On Tuesday 2nd November at 11am (UK time), Prof Catherine Tamis Le-Monda (NYU Steinhardt) and Dr Catalina Suarez-Rivera (UCL) will talk about Principles of Embodied Language Learning: Active Infants in Structured Physical, Social, and Cultural Environments.
What are the developmental principles that guide early word learning? And what must researchers know to advance the science of language learning? In this talk, we begin by presenting four principles of embodied language learning that frame our work: (1) Environments are rich, structured, and characterized by regularities that contain the necessary information for infants to learn; (2) Learning and development unfold in real time as behaviors in one domain cascade to behaviors in another domain, and affect other people and contexts; (3) Infants build knowledge by actively engaging with the world; and (4) Language learning is socially and culturally embedded. We next illustrate how our research is grounded in these principles through a set of studies that highlight rich environments, temporal structure, the active infant, and the social and cultural embeddedness of learning. Study 1 highlights the richness of environmental experiences around language inputs, including how caregivers coordinate multimodal behaviors in time in interactions with infants. Specifically, we show that caregivers jointly engage with the objects of infant action through touch, gesture, language, and physical proximity. Study 2 highlights temporal structure of language interactions, including coordination and entrainment among mother and infant behaviors. Using proximity as a model system, we show that bodies in space alter the language experiences of infants. Study 3 further showcases temporal structure of and entrainment in exchanges between infants and mothers, by showing the tight temporal alignment of mother utterances and infant vocalizations. Study 4 spotlights the active infant, showing how infants’ exuberant play—characterized by immense amounts of interactions with objects in brief varied episodes—reliably elicits tactile and verbal inputs from caregivers in the form of multimodal joint engagement. In turn, as mothers jointly engage, infants’ bouts of play are extended in real time. Study 5 reveals the cascading effects of infant play to multimodal joint engagements to infant word learning, in real-time infant production of words and item-level growth in vocabulary. We close by extending basic principles of language learning to infants and caregivers from different cultural, language, and educational backgrounds, highlighting the robustness of learning principles across communities.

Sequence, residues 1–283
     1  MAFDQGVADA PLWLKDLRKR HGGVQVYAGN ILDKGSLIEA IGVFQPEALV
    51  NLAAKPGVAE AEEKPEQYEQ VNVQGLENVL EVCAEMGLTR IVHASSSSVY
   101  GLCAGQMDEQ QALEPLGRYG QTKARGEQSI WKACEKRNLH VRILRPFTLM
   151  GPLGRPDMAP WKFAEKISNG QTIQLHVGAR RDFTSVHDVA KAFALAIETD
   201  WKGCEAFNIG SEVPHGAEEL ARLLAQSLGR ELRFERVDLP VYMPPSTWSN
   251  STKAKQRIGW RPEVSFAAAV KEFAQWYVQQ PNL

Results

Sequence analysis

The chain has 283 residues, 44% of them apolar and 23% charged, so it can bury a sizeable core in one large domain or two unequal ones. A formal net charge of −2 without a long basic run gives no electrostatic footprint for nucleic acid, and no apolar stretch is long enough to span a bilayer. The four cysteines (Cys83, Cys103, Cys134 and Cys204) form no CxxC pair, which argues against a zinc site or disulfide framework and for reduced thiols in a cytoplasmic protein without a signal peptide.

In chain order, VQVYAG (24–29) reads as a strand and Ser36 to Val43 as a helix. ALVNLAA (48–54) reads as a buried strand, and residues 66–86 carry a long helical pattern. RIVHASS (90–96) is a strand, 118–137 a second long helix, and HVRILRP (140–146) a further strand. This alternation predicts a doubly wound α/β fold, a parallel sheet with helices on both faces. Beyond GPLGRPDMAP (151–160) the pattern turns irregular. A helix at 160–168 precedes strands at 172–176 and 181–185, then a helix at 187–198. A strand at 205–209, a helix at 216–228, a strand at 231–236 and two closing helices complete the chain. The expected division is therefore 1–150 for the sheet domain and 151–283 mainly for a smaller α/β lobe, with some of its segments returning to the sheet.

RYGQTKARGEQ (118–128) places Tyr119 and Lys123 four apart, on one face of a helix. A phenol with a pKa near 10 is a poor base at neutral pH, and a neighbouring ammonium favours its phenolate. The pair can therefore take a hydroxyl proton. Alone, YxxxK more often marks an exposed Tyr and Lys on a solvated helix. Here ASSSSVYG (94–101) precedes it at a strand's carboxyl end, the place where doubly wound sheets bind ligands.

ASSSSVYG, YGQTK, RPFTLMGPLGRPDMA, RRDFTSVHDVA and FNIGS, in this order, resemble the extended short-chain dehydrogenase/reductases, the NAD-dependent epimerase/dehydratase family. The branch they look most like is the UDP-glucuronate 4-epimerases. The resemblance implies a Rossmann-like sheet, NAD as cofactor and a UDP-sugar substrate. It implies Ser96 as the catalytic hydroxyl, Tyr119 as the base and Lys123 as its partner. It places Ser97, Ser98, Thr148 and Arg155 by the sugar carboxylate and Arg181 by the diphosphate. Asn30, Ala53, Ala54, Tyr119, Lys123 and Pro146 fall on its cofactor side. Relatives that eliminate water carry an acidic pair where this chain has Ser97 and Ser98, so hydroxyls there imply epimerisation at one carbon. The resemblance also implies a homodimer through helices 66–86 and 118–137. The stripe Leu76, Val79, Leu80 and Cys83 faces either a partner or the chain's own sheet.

How to join the seminar
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